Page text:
For those of us on the spectrum, there is a dark underbelly to life: Ostracism and Bullying.  It begins very early in life when our odd behaviors and lack of social understanding mark us as different.  It seems to us that neurotypicals generally make our lives more difficult than is necessary, but peer children can be particularly cruel and brutal toward us.  At best we are simply ignored.  Then there are the jokes and innuendos whispered behind our backs.  Go ahead, cut us down to make yourself feel better about your own shortcomings.  And to top it off, getting shoved down in the dirt, slapped around, and occasionally struck with a fist… usually where it leaves few if any marks.  If we speak up, we’re either accused of exaggerating and/or lying, or told it’s not nice to tattle on others.  So we learn to keep our mouths shut and bear our pain in silence.

 

Somewhere in childhood I learned to not show any emotion at the bullying.  I learned that the bullies wanted to upset my emotions, they wanted to make me cry out, they wanted a response.  If they couldn’t get the response they sought, they usually moved on sooner.  By the time I was in junior high, one of my teachers had nicknamed me “The Stoic” a nickname that stuck until I graduated HS.  Because I was different, some of the teachers did not like me and they turned a blind eye, allowing the bullies free rein.  Unable to defend myself, and knowing I could not depend on the teachers to defend me, I bore my shame in silence.  I felt that the less attention I received from anyone, teachers included, the better.  Speaking out almost always made life worse for me by generating a beating, or a worse beating, within a few days.  I generally tried to stay hidden on the fringes, out of everyone’s way.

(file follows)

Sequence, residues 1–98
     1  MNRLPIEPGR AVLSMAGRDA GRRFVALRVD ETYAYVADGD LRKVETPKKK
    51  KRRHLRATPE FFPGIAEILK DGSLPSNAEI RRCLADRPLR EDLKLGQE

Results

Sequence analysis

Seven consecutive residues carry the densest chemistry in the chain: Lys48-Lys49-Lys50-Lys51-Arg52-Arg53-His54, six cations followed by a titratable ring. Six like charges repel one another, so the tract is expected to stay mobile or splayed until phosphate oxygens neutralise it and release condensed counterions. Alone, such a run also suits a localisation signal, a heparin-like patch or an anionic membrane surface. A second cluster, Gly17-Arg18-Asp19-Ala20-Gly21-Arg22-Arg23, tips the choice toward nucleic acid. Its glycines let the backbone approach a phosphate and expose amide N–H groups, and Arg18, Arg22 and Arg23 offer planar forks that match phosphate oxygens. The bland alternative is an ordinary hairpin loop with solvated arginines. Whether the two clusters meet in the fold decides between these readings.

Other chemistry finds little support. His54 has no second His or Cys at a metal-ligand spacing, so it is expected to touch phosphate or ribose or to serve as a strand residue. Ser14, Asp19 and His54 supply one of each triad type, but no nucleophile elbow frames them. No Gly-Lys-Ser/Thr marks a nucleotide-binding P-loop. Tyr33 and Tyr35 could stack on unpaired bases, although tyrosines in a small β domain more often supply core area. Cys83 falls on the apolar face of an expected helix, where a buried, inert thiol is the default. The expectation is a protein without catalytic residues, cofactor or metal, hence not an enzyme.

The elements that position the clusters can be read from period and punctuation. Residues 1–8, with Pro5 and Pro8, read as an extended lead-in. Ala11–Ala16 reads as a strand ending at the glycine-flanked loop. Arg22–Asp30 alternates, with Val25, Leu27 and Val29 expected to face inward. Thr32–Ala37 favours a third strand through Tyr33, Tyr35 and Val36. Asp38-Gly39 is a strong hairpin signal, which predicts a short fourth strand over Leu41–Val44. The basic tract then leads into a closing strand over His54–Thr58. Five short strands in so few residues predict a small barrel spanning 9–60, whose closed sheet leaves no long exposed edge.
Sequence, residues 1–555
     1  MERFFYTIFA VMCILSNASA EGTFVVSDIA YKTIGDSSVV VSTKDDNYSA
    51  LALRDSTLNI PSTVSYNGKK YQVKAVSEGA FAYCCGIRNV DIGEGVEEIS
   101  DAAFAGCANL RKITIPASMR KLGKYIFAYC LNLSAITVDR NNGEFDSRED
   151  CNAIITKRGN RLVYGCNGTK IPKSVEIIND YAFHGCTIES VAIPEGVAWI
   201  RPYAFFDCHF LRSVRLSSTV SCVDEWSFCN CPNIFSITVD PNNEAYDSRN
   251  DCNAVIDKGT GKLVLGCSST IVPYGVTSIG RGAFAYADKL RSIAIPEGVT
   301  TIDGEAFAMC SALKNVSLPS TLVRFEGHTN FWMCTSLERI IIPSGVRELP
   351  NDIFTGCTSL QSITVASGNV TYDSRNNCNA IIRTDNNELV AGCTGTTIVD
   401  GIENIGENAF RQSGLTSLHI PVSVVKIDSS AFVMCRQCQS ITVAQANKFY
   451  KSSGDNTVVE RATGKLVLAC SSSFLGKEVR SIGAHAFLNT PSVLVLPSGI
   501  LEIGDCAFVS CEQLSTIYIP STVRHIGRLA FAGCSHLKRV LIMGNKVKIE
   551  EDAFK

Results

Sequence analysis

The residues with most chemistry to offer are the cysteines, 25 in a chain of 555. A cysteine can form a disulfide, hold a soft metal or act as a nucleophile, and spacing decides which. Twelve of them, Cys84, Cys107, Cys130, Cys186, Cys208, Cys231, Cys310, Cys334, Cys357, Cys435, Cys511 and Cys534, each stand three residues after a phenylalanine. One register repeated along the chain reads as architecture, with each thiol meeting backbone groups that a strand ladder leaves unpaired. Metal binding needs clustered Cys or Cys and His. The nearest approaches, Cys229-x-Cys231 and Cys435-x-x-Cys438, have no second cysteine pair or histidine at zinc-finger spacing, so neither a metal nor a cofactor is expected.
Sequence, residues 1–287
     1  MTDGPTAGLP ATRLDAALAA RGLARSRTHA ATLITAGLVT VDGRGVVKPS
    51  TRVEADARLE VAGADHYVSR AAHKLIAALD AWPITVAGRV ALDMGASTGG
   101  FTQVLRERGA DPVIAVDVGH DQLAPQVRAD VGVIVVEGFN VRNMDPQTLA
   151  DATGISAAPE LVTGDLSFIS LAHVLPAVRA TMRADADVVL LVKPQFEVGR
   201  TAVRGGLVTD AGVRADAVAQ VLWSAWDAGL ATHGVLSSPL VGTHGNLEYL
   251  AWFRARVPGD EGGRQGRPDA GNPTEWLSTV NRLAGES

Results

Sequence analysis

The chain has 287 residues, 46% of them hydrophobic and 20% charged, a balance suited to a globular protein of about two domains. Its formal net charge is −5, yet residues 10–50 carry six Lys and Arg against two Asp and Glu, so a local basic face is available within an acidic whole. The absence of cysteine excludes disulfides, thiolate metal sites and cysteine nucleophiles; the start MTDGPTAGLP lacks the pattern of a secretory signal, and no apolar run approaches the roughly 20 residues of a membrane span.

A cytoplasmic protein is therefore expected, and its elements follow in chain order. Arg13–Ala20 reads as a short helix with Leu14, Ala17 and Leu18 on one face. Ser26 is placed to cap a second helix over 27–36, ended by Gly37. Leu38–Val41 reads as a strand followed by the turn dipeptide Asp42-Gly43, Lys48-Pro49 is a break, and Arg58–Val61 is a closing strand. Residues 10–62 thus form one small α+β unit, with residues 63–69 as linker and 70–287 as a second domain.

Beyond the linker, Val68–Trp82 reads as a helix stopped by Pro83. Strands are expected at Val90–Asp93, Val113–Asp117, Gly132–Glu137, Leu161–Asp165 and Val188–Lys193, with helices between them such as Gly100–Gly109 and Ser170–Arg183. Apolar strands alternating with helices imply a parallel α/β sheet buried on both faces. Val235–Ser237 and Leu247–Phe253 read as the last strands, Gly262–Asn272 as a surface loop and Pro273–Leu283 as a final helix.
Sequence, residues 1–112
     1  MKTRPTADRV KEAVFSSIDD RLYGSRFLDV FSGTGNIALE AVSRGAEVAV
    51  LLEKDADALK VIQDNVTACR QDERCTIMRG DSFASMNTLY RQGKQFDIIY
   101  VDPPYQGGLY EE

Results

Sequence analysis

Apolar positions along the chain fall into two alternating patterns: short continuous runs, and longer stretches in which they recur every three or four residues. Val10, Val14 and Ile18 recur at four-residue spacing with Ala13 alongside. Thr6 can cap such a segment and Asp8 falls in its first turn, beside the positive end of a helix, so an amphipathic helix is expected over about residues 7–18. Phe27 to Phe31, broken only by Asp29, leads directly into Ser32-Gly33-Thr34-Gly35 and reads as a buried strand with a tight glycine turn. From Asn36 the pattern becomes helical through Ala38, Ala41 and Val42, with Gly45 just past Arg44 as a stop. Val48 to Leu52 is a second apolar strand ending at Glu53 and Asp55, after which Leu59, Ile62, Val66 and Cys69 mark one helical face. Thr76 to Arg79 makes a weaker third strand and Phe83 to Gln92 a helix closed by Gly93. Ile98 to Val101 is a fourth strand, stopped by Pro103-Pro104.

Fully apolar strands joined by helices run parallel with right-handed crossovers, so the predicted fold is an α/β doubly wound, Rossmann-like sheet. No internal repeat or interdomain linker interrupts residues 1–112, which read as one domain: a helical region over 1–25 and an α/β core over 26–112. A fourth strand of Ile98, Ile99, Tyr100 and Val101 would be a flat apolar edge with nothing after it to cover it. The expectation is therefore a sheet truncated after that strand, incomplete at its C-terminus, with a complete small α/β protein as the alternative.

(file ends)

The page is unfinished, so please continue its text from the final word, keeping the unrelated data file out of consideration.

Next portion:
Little by little I began trying to perfect what I call “The Art of the Chameleon”.  Learning cope and blend into the neurotypical world as best I could.  …More on this in a future episode.

 

If there is to be any kind of happy ending to this month’s column, it’s the message: “Listen to your children.”  Try to build a rapport such that they feel that they can bring any subject or complaint to you for discussion.  And know that schools are doing much more now to minimize bullying.

 

 

 

 Why am I involved with Autism Works?

 

October 2010

 

In five words or less:  “I am a bridge builder.”  It’ll take considerably more words to explain what that phrase means, and some considerable help from a friend.  And in typical Aspie fashion I’ll probably make what should be a short story into a long story.

 

I present myself as an example of one who is thriving even when many of those in the know predicted failure by me, or at best, survival.  Even though success is not guaranteed, neither is failure guaranteed.  I believe that almost all things are possible for those who really want them if they are really persistent.  There are also those who inspired me, those who pushed me to become more than I thought I could be.